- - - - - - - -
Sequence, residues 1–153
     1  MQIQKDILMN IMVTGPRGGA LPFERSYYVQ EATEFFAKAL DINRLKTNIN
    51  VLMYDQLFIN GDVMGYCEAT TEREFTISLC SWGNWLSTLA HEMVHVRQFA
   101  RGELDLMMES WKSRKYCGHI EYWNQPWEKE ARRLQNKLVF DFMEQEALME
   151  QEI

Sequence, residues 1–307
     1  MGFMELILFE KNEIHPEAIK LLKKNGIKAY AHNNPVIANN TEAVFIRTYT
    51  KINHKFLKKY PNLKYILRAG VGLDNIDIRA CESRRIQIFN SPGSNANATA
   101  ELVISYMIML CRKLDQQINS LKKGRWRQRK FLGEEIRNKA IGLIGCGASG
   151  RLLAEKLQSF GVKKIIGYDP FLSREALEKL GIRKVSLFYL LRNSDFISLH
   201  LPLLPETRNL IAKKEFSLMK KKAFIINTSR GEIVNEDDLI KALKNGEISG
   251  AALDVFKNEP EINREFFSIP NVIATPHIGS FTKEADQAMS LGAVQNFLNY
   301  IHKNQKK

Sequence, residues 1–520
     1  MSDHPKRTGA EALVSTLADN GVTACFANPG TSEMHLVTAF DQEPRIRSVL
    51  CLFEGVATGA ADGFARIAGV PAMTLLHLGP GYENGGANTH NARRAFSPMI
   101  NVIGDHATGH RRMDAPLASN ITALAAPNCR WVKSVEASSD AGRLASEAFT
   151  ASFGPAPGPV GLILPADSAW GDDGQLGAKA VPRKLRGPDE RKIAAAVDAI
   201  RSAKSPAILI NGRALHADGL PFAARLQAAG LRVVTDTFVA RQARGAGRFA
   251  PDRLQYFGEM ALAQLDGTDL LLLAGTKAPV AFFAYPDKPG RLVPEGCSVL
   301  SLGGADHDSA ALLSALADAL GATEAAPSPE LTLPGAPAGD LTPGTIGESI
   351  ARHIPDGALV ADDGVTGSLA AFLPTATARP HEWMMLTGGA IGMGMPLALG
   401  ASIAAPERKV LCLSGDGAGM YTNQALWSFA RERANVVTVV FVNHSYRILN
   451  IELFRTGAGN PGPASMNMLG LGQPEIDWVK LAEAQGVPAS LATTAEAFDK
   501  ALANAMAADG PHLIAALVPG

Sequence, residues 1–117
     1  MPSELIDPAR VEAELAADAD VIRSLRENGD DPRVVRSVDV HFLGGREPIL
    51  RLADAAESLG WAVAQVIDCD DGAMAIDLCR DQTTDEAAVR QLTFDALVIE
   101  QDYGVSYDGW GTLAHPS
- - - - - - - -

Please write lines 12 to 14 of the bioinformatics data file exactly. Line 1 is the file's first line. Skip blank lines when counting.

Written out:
   251  AALDVFKNEP EINREFFSIP NVIATPHIGS FTKEADQAMS LGAVQNFLNY
   301  IHKNQKK

Sequence, residues 1–520